This is the first in a series of posts that will be reflections on my recent experience as an Adult Education graduate student. The pace of formal education is often such that you race past some interesting points in the need to keep up with the course work, yet rarely return to reflect more carefully on those points. One of the key points for me, a foundational point, is… what is the *purpose* of adult education? Why do people engage in adult education — why do students seek out learning, why do teachers continue to teach, and why do researchers remain interested in studying it? Why does it matter at all?
Let’s start with the basics. There are three important purposes for adult education:
1. For career or vocational purposes — to engage in training that will result in employment. This can involve adult basic education, apprenticeships, technical colleges, or universities. This also includes on the job training and other kinds of workplace learning.
2. For personal development purposes — to satisfy an interest or solve a personal problem. This can include pottery classes, music lessons, studying French literature, or pursuing conflict resolution training. These are often offered by community centres or private schools, as well as in Arts and Humanities programs at universities and colleges.
3. For community development purposes — to solve a collective problem, such as stopping toxic effluent from a nearby factory or investigating solutions to local unemployment. These are typically informal learning sessions that take place in living rooms, church basements, union halls, and other meeting spaces across the country.
There are a couple of things that are important to note in this list. First, 1 and 2 are seeking individually-focused changes, and 2 is concerned with community-focused changes. That doesn’t mean that there isn’t social learning involved with 1 and 2 (learning almost always happens through interactions with others), but that the outcomes are individually determined — I want to get a degree in library studies so that I can get a job as a librarian. Compared to — We want to get the speed limit reduced on our street to make our kids safer.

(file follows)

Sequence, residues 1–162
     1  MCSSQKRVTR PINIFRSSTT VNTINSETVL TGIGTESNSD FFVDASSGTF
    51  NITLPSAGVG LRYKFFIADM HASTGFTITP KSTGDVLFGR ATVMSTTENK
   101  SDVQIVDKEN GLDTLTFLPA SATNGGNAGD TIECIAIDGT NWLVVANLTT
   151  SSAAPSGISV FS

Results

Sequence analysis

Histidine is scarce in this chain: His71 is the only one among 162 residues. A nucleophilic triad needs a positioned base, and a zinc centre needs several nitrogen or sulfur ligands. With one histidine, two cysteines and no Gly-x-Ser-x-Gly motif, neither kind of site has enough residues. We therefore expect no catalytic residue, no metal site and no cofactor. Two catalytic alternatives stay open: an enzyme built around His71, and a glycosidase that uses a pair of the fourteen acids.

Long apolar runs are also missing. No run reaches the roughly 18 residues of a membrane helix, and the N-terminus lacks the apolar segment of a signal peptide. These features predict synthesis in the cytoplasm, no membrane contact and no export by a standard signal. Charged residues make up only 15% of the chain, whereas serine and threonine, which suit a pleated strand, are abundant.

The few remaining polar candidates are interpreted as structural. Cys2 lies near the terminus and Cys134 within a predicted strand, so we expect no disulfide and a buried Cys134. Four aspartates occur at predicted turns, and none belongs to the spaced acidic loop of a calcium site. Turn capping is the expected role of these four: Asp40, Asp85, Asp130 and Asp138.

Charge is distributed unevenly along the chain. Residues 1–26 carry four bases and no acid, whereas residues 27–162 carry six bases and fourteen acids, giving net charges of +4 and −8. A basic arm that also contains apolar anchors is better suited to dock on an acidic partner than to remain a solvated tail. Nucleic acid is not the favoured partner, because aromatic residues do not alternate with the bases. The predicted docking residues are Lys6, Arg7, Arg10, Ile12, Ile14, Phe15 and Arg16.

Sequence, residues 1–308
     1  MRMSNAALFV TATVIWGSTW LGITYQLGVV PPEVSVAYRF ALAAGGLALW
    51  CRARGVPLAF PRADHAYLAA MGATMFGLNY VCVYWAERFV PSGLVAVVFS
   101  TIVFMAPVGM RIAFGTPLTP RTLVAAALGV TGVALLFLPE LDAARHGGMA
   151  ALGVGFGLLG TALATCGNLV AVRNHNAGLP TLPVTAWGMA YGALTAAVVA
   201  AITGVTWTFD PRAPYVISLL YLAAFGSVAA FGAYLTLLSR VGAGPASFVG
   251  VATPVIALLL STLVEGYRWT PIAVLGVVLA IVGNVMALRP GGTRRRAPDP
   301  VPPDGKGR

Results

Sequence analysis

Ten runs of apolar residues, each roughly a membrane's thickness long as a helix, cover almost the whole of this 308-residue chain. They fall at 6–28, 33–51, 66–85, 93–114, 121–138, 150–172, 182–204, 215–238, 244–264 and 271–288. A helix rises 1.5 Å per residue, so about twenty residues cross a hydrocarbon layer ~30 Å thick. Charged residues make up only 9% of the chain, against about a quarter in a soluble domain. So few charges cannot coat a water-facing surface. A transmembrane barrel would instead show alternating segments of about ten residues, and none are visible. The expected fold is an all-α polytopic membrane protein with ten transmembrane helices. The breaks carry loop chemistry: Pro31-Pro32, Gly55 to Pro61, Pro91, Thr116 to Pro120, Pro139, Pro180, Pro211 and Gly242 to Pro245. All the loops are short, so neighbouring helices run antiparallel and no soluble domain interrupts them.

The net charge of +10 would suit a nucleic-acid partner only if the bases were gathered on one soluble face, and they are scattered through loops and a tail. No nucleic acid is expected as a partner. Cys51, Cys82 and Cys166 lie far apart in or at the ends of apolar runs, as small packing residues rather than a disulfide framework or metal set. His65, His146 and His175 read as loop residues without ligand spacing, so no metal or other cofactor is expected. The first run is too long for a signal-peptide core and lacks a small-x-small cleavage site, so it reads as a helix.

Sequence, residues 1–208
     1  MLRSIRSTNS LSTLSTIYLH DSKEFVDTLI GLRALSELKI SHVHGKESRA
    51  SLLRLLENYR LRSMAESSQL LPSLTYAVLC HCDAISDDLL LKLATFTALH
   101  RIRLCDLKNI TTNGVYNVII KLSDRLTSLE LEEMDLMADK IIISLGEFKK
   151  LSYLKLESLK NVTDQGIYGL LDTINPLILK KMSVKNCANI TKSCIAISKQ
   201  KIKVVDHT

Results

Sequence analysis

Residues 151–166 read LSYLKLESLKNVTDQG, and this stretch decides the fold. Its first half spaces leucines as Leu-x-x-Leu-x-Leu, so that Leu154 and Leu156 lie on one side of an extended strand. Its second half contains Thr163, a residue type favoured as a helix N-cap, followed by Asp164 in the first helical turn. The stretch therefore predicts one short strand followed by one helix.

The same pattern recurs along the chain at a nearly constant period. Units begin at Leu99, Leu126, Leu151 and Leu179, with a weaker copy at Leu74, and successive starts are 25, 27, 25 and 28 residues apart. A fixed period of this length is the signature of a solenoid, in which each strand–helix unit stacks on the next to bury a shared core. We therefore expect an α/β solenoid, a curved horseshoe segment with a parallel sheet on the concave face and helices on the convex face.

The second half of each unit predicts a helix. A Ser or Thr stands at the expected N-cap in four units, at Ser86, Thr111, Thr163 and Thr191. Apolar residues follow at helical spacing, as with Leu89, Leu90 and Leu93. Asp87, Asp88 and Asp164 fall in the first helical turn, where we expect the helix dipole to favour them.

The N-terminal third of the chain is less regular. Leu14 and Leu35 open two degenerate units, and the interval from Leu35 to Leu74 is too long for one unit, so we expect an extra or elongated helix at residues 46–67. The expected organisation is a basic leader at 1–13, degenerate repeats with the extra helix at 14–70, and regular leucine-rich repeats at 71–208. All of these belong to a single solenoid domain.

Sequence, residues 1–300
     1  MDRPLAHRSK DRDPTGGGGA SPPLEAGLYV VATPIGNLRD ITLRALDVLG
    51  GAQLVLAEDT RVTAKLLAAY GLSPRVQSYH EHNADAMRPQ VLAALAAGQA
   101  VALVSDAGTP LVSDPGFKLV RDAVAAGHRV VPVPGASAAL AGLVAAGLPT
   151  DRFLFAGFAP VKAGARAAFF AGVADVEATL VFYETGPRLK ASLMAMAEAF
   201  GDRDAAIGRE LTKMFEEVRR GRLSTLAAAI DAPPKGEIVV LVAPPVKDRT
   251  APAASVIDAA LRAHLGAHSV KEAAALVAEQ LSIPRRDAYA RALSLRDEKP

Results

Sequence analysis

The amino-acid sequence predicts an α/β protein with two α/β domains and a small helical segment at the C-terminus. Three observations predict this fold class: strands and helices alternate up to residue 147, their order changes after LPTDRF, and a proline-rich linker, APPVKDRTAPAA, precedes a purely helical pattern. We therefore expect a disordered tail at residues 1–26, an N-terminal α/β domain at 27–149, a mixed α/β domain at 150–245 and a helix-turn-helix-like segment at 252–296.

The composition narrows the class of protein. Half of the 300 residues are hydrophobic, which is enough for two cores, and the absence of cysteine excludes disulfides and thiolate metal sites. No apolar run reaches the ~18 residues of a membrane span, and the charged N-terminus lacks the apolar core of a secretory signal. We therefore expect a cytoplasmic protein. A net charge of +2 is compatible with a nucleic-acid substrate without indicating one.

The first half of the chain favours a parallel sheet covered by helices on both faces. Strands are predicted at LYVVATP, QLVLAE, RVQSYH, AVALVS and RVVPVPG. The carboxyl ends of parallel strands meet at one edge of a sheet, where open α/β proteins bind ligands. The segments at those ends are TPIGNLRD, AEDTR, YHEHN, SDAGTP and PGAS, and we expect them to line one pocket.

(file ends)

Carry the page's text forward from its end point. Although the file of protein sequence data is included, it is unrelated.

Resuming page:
Second, these three purposes aren’t mutually exclusive. I might get involved in a participatory action research project as part of my planning degree (vocational) and to also work on solving a local community issue (community development). I might have a passion for gardening (personal) so pursue horticulture (vocational).
In addition to these three, there is a further way to look at the purpose of adult education. There is adult education that seeks to sustain existing social relations and adult education that seeks to change those relations (critical pedagogy). Studying for a medical degree is typically associated with helping the sick and providing a comfortable lifestyle as a doctor — not upsetting or challenging the social, political, and economic system. Similarly, learning to play the guitar at night school rarely has these transformative aims (although sometimes they do). Even community development education is often more concerned with neighbourhoods participating more effectively within the system (e.g., attracting new employment opportunities) rather than trying to develop alternative forms of economic activity. Some important examples of this kind of community education would be the formation of labour unions, farmers unions, cooperatives, and credit unions as a radical democratic response to the inequities and exploitation of capitalism.
Somewhat more recently, the work of Paulo Freire has been incredibly important for the impact it had in empowering local communities as well as on the philosophy of adult education (e.g., popular education, banking education, etc.).
Throughout the 1960s and 1970s, government funding was available for community education projects that pushed the boundaries of what kind of social change was possible, and helped support the massive “new social movements” (gender, GLBT, ethnicity, abilities, children, etc.) that significantly expanded the scope of Canadian democracy by demanding social justice and rights that had previously been withheld.
So, why does understanding these purposes of adult education matter? I’m concerned that the past thirty years of neoliberalism is erasing the memory of adult education for social change and enriching democracy, that we have become preoccupied with individual solutions to what are, in fact, often collective problems. Facing high unemployment in your community? Go to school and out-compete your neighbour, or, go to Alberta and get rich in the oil patch. Government funding is today almost exclusively focused on academic or vocational education. I don’t fault any individual for pursuing this individualist path out of under/unemployment (post-secondary education has paid off pretty well for me), but I am concerned about what gets left behind — the people, the culture, the history, the environment — in this approach.
There are other, more social ways to confront problems of community development, such as the Appreciative Inquiry model that involves collectively “discovering” a community’s strengths and assets (as well as sources of inequality, exploitation, and injustice), “dreaming” what might be possible (including radical democratic dreams), “designing” what could work, and “deploying” a community-based solution, that might, sometimes, fall outside of the mainstream (or sometimes might not). The point is to remember that a radical democratic adult education, as was done in the past, can be done again today. And its is still being done, on a smaller scale, often under the radar, and almost always in the absence of government funding. The challenge is — how to build and sustain this? More soon.